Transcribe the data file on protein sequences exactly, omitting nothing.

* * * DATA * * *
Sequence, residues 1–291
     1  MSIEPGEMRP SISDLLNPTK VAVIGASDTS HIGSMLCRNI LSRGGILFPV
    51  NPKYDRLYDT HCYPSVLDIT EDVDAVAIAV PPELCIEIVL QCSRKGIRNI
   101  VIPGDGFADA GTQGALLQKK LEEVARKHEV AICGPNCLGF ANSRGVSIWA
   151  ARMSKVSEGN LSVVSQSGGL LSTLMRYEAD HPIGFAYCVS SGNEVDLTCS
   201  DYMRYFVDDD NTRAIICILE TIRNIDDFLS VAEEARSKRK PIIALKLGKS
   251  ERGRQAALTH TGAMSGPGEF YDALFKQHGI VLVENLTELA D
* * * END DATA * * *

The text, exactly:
Sequence, residues 1–291
     1  MSIEPGEMRP SISDLLNPTK VAVIGASDTS HIGSMLCRNI LSRGGILFPV
    51  NPKYDRLYDT HCYPSVLDIT EDVDAVAIAV PPELCIEIVL QCSRKGIRNI
   101  VIPGDGFADA GTQGALLQKK LEEVARKHEV AICGPNCLGF ANSRGVSIWA
   151  ARMSKVSEGN LSVVSQSGGL LSTLMRYEAD HPIGFAYCVS SGNEVDLTCS
   201  DYMRYFVDDD NTRAIICILE TIRNIDDFLS VAEEARSKRK PIIALKLGKS
   251  ERGRQAALTH TGAMSGPGEF YDALFKQHGI VLVENLTELA D